Oregon daily emerald. (Eugene, Or.) 1920-2012, May 25, 1928, Senior Section, Page 4, Image 16

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    Graduate Tells
Of Experiences
H. L. Horry Now Geologist
For Venezuela Company
“If people think that it rains in
Oregon/' said Hally L. Berry, grad
uate of the University of Oregon,
who is now an. oil geologist for the
Fun Oil Company in Venezuela,
“they should see it pour in Vene
zuela. There the sky clouds up sud
denly and the rain begins to pour
down. Sometimes the rivers will rise
for a short time at the rate of a
foot a minute.”
For two years Mr. Berry has been
locating oil structures in the Mara
caibo Lake basin, the Oronoco River
basin, and in the northern Vene
zuelan Falcon area, ire was visit
ing on the campus early this week.
In the Maracaibo Lake region,
where Mr. Berry has worked a great
deal, the temperature is 85 degrees
the year around, day and night. The
only water supply to the city of
Maracaibo is the rain which is
caught in buckets ns it drops off
the eaves, Berry said.
“Venezuela is not a prosperous
country. It is from fifty to one
hundred years behind. 'There are
only a few paved streets, and those
have boon paved recently. The
country is rapidly improving, how
ever, since the Americans began to
develop the oil. It is expected that
Venezuela will be the second largest
oil-producing country in the world
tliis year. The trouble is not in
.getting the oil but in transporting
There are few railroads in Vene
zuela, Mr. Berry pointed out, and
those they havo are not exception
ally good.
“The least time in which I made,
a fifty-mile trip on tho railroad
*rns five hours, and tho most was
thirteen. The engine burned wood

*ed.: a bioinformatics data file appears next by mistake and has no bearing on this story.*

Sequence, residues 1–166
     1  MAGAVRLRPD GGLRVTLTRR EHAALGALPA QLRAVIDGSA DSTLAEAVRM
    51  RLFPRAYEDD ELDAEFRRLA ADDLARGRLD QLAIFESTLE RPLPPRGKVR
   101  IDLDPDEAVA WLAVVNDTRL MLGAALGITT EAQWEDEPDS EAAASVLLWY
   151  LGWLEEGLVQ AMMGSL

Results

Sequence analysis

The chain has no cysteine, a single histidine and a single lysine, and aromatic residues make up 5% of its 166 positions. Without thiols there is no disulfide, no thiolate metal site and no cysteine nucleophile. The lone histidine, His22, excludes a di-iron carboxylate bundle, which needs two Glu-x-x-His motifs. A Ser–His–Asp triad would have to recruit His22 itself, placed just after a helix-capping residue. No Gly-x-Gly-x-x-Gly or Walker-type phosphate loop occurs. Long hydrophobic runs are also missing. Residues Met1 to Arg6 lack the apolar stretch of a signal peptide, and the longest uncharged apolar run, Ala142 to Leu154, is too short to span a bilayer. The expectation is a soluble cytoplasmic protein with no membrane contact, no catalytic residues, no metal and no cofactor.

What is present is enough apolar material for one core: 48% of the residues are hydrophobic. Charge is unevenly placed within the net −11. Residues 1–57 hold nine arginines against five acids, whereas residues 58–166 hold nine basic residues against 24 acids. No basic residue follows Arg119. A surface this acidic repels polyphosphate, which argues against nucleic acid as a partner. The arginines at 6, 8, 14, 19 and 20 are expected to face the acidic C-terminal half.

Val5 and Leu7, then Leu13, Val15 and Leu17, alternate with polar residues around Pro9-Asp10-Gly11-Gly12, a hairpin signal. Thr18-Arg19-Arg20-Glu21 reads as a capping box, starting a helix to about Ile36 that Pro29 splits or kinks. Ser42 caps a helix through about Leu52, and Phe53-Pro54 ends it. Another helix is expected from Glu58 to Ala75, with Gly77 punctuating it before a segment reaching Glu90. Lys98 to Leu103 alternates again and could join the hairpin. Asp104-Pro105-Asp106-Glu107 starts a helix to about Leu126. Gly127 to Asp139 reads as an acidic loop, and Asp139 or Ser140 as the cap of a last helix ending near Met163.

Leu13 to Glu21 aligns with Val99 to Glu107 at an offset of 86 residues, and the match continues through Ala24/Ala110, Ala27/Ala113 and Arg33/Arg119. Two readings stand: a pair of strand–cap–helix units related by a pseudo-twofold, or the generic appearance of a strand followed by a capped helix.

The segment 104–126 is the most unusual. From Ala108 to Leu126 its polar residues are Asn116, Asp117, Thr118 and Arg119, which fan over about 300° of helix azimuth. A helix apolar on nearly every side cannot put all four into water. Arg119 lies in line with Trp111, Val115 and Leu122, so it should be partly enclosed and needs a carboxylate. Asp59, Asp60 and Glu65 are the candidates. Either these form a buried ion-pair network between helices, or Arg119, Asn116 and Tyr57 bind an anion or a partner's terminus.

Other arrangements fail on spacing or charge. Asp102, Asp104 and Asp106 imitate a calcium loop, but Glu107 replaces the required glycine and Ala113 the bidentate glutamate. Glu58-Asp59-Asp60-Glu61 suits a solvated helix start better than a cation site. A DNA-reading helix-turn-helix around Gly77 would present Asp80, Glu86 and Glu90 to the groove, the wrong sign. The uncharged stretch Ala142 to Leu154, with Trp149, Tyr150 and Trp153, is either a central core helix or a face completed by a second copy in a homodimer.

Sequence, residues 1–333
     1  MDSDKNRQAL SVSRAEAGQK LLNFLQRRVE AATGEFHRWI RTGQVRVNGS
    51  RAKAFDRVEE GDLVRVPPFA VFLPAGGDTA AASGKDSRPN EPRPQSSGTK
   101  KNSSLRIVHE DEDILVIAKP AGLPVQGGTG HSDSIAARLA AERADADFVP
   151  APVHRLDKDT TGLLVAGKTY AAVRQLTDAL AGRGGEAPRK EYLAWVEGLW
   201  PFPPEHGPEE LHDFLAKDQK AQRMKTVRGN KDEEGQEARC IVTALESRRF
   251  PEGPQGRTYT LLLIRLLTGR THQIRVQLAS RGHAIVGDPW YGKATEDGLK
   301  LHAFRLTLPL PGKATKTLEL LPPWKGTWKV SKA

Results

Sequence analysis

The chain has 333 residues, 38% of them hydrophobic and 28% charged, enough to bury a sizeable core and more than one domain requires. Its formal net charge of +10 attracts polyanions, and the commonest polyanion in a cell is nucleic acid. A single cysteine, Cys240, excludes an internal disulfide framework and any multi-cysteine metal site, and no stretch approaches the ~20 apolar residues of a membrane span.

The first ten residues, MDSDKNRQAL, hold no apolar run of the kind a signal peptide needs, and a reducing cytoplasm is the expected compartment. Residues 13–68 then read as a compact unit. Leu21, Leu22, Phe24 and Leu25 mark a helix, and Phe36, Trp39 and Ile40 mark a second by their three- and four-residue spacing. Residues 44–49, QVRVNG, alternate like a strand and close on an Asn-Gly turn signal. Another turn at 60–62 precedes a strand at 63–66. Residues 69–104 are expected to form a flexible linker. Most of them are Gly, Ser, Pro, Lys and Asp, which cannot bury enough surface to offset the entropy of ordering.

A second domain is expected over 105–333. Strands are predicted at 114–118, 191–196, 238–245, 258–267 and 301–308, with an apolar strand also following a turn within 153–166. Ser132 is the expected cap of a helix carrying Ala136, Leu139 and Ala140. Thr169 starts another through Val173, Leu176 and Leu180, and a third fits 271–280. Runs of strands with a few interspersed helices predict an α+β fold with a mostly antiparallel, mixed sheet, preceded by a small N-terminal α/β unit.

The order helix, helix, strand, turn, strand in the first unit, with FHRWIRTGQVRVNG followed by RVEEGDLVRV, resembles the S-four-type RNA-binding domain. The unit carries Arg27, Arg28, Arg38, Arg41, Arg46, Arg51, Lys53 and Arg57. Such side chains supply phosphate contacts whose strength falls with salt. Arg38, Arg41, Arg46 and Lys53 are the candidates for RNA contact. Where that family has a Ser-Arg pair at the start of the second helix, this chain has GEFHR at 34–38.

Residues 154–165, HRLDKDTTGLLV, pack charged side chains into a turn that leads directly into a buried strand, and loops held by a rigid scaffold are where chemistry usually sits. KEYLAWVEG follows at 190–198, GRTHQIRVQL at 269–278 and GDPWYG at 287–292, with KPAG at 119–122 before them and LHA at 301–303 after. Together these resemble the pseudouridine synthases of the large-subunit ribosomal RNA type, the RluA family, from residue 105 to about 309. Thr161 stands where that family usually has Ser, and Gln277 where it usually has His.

which the natives loaded by band,
and water was earned by hand in
five-gallon buckets, after which
process, the engineer took a bath.
Then the train was ready to start.
Almost overy hour after that the
crew would stop' for coffee,” Mr.
Tlrrrv lnncrhed.
gravity. I’m not stretching it when
I say that you can take the oil out
of the ground, put. it in your car,
end drive,away.”
Living conditions of the unlives in
Venezuela are bad, Berry said. They
live on bananas, rice, and beans.
“When I say they live on bananas,
T mean livo on them. They bake
them, boil them, fry them, mix them
with meat, beans, rico or anything
else. They’re good, too,” ho added.
Snakes must have charms for Mr.
Berry, because ho says that ono of
the most interesting limes ho had in
Venezuela was one day in the junglo
when ho and a nativo killed a boa
“The native,” said Mr. Berry,
“who was absolutely afraid of noth
ing, hit the snake with a saddle
knife. Then we had to kill it in
self defense. After hitting it in
the head with a boulder and stun
Grille Dance
Kollege Knights
Sat. Night
Campa Shoppe
ning it, we carved on it with a sad
dle knife for about a half-hour be
fore, we finally killed it.”
Mr, Berry, who is now on a two
months vacation, was graduated
from the University of Oregon with
a B.A, degree in 1924, with honors
both in general scholarship and in
geology. Ho was elected to Phi
Beta Kappa, honorary scholarship
fraternity. He received liis M.A. in
1920 from Northwestern University,
Evanston, Illinois, where he was a
graduate assistant in geology and a
member of Sigma Xi, national sci
entific fraternity. He lias also done
geological research work in north
ern Minnesota.
(Continued from page one)
vided during the entire program.
Starting from the Women’s build
ing, the participants will proceed in
two single files, the senior women
advancing along the west walk until
almost to the bleachers, and the
alumni women, headed by Mrs. El
belt Condon McCornack and Mrs.
C. A. E. Whitton, president of the
State Association of University of
Oregon "Women, proceeding in sim
ilar fashion along the east walk.
The two files turn to meet one an
other just in front of the bleachers
and walking two and two they will